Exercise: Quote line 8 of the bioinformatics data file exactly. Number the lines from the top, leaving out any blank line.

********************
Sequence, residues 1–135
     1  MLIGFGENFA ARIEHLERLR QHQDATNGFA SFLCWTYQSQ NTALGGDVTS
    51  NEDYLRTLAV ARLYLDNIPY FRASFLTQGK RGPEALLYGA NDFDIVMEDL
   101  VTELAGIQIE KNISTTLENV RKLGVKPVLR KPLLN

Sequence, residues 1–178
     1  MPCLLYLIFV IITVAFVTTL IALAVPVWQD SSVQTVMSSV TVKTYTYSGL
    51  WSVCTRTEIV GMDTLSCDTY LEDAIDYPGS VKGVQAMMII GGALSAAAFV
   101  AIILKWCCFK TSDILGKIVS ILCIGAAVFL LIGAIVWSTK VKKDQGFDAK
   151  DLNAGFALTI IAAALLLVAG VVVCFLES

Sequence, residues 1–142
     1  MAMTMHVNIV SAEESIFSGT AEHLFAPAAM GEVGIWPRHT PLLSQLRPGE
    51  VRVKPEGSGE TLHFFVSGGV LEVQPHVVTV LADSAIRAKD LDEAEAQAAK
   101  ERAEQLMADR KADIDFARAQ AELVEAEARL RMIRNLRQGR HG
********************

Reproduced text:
   101  AIILKWCCFK TSDILGKIVS ILCIGAAVFL LIGAIVWSTK VKKDQGFDAK